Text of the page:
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Walking, running, eating by grasping fork and knife, changing the channel by reaching for the TV remote… How ordinary, non-skillful activities, aren’t they? Yes, maybe that’s how it sounds to us until we have a child! After becoming parents, we have the opportunity to observe how much effort our child puts into learning the simplest movements. The basic knowledge you will gain about motor development in children can enable you to help them in their efforts. Children’s ability to move depends on the development of their motor skills.

Motor skills, with its most basic definition, are the coordination of our body with our mind. The motor development of the child starts from the moment he is born and is largely completed between the ages of 0-6, that is, in the pre-school period. The motor development of the child is not only important for his cognitive and physical development, but also for his ability to act independently, to see himself as a separate individual and to gain self-confidence.

What are Gross Motor Skills?
Gross motor skills are movements made with large muscle groups. Movements using arms, legs or the whole body are among the gross motor skills. Walking, crawling, running, jumping and almost all sports activities are included in this group. It is important for the child to move freely in his daily life, to provide body coordination and for his physical development.

What are Fine Motor Skills?
Fine motor skills are movements using small muscle groups. Specifically, it is the name given to the movements performed by directing the muscles in the hands and fingers. Fine motor skills include writing, painting, and any activity using tools.

How to Develop Gross Motor Skills
When supported with the right activities, motor development in children can be accelerated and increased to higher levels. The two most important elements that support gross motor development are practice and repetition. Every activity in which your child will repeat the same movement many times will contribute to gross motor development.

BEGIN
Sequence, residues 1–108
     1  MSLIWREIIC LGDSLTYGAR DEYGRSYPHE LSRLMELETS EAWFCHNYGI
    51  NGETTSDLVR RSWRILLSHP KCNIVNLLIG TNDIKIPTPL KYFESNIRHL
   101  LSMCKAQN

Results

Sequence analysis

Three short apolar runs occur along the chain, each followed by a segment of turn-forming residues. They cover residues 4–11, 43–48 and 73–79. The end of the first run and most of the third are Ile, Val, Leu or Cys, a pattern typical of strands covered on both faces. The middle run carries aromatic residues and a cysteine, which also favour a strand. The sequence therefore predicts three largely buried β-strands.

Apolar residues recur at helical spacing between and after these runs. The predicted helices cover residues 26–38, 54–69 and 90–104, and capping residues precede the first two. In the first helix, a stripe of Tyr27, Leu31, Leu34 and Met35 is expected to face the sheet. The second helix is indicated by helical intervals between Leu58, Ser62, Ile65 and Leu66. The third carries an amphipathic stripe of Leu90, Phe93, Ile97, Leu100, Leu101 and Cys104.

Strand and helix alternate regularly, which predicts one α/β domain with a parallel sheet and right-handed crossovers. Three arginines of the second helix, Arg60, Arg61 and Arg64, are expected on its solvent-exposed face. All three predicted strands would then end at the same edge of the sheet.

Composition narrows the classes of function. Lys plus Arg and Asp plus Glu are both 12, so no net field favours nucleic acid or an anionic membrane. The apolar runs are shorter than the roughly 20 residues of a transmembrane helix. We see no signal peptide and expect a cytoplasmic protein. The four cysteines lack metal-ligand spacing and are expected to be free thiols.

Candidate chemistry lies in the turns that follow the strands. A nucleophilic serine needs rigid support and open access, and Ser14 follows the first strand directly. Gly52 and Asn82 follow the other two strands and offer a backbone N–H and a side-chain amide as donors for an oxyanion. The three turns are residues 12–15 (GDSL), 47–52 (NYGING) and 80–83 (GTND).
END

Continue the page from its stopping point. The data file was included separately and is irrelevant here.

How to Develop Fine Motor Skills
The development of fine motor skills accelerates from the age of 2. From this age, the child should be allowed to do their own daily work using their hands. For example, your child can button their own buttons, tie their shoes, or put on and take off their clothes on their own. Even if it is difficult at first, time should be given to develop himself. Small donations are of course free!

It is also very beneficial for the child to try to eat his own food from the age of 2, using a spoon and fork, in terms of developing fine motor skills.

Activities Related to Gross Motor Development
Spacious and barrier-free environments where the child can move freely are ideal for games that support gross motor development. Especially on suitable days, the opportunity to play outdoors should not be missed. For example;

Bubble: You can play a game where you can make bubbles from foam and have your child run around to pop them. You can arrange this as a race between you; Whoever pops the most balloons wins.

Kite: Kite flying is an ideal activity that works all the body muscles. If you make your kite yourself with your child instead of buying it ready-made, you will also contribute to fine motor skills.

Cycling: Cycling is one of the most typical gross motor activities. For the weather, where seasonal conditions are not suitable for cycling, you can buy children’s exercise bikes used at home or visit indoor playgrounds.

Activities Related to Fine Motor Development
Many fun activities can be derived to support fine motor development. Moreover, these activities will allow you to have fun at home with your child. Some examples of fine motor skills activities:

Cookie Coloring: With the help of food dyes and brushes, you can have your child paint cookies, create pictures and patterns. This activity is an opportunity for your child to develop their fine motor skills as well as reveal their creativity.

Necklace from Pasta: You can make a necklace from pasta by using pasta types with a hole in the middle, such as pen pasta, elbow pasta or bead pasta, and string. Color can be given to the pasta by using gouache paint or watercolor.

Finger Puppets: You can play a game with your child by making 2 sets of finger puppets, one of which is suitable for your hand and the other in a suitable size for your child’s hand, by moving the puppets and making them talk. If your child is over 3 years old, you can work together to make finger puppets. For example, you can make eyes from buttons and hair from ribbons.

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